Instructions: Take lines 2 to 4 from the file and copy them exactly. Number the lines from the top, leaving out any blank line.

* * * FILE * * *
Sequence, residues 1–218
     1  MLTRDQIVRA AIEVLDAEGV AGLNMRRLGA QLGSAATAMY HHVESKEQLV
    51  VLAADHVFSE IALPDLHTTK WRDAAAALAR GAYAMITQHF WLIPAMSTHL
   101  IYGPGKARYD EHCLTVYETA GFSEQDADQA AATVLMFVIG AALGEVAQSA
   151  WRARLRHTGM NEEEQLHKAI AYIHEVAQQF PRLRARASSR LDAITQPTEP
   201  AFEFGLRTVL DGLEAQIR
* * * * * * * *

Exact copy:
     1  MLTRDQIVRA AIEVLDAEGV AGLNMRRLGA QLGSAATAMY HHVESKEQLV
    51  VLAADHVFSE IALPDLHTTK WRDAAAALAR GAYAMITQHF WLIPAMSTHL
   101  IYGPGKARYD EHCLTVYETA GFSEQDADQA AATVLMFVIG AALGEVAQSA